Preferably, one or both of the regions of bone used, preferably both, are ones in which the bone has a high trabecular content. Optionally, both are close to or at the axial centre of the bone.
In an alternative aspect, the invention includes obtaining data relevant to the diagnosis or monitoring of an arthritic condition, comprising measuring the bone density of a portion of a bone involved in a potentially arthritic joint, said portion being adjacent the end of the bone involved in said joint, and comparing said bone density measurement with at least one value for said measurement indicative of a rheumatoid arthritis condition.
The bone density is preferably but not necessarily measured by X-ray absorbence.
For use in either aspect of the invention, there is provided apparatus for use in diagnostic X-ray imaging comprising an X-ray source, means for supporting and fixing in position at least a portion of a hand or foot for imaging using said X-ray source, and a two-dimensional pixel array X-ray detector for producing image data indicative of bone density in said hand or foot or portion thereof. Preferably, the supporting means is adapted to support a finger of the hand or a toe of the foot for imaging and to hold the same still during exposure.
The invention will be further described and illustrated with reference to the accompanying drawings in which:
FIG. 1 shows in schematic side elevation apparatus according to the invention;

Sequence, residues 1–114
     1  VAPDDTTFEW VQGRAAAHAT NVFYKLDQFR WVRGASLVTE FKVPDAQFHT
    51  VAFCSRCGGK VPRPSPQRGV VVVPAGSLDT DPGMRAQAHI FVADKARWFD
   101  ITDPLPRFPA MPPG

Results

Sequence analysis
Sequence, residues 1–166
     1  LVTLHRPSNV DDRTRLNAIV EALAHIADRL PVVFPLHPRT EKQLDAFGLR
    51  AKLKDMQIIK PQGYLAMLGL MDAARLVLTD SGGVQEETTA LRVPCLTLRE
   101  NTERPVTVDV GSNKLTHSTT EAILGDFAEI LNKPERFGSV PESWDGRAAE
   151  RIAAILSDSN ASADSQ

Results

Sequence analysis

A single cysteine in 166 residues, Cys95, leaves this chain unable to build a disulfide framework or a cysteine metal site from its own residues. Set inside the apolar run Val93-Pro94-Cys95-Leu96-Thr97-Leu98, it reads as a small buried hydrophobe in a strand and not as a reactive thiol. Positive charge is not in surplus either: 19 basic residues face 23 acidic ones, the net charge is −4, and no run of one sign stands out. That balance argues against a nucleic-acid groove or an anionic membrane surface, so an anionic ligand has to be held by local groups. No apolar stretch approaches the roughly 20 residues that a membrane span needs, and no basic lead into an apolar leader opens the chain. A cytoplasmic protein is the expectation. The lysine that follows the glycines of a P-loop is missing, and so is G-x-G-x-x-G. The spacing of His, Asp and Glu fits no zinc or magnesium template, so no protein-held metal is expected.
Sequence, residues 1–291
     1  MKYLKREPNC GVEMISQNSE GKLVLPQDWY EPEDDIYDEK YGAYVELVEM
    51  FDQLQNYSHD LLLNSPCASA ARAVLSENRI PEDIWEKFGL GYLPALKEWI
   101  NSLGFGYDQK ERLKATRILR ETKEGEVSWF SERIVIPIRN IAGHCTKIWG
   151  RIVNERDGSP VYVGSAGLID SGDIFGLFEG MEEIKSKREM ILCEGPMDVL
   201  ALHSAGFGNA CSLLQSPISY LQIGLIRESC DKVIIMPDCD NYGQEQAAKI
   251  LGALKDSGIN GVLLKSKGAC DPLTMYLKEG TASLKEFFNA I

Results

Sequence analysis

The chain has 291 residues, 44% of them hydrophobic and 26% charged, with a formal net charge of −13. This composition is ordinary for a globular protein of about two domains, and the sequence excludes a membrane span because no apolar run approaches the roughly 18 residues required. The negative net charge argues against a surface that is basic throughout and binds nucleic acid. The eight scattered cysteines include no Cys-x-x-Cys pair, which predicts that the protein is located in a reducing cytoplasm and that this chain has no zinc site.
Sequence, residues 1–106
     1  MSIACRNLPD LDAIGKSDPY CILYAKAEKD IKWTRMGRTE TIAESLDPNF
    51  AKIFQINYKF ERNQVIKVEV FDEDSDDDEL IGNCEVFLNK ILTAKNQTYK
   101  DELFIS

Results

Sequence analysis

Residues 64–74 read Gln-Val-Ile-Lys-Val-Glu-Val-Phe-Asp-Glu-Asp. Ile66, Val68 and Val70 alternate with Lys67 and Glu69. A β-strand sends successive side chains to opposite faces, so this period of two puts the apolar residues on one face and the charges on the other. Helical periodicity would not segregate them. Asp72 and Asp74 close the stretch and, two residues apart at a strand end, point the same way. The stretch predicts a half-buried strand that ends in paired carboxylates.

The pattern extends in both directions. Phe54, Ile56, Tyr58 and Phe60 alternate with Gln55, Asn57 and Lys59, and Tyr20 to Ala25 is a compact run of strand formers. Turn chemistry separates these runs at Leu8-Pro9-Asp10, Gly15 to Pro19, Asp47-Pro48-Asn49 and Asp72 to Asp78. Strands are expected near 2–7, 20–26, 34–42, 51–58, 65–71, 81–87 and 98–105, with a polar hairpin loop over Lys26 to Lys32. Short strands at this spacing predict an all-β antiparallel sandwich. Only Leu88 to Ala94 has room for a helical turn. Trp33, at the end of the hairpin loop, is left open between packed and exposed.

FIG. 2 shows a typical X-ray image produced using the apparatus of FIG. 1;
FIG. 3 shows the variation of measured bone density in arbitrary bone density units along the line III—III marked in FIG. 2;
FIG. 4 shows a further form of apparatus according to the invention in schematic side elevation;
FIG. 5 shows a dual energy X-ray image of a metacarpal bone;
FIG. 6 shows a plot of the bone density measured along the band between the lines marked VI—VI in FIG. 5;
FIG. 7 shows the image of FIG. 5 marked with lines VIII—VIII;
FIG. 8 shows a plot of bone density in the band between the lines VIII—VIII of FIG. 7;
FIG. 9 shows the image shown in FIG. 5 with regions of interest marked;
FIG. 10 shows a graphical representation of the results of a study based on measurements in the regions of interest of FIG. 9 in a number of patients;
FIG. 11 shows the image of FIG. 9 with alternative regions of interest marked; and
FIG. 12 shows results similar to those of FIG. 10 but based on the regions of interest of FIG. 11.
As shown in FIG. 1, apparatus according to the invention may comprise a housing 10 containing an X-ray tube 12 emitting X-rays in a downwards direction optionally through a filter 14 towards a CCD sensor 16 positioned below a finger receiving surface 18 at the bottom of an aperture 20 in the housing. The apparatus could also be used for imaging the foot. The output from the CCD sensor is processed by electronics schematically indicated at 22 to produce the required output in distal form to a suitable computer and display screen.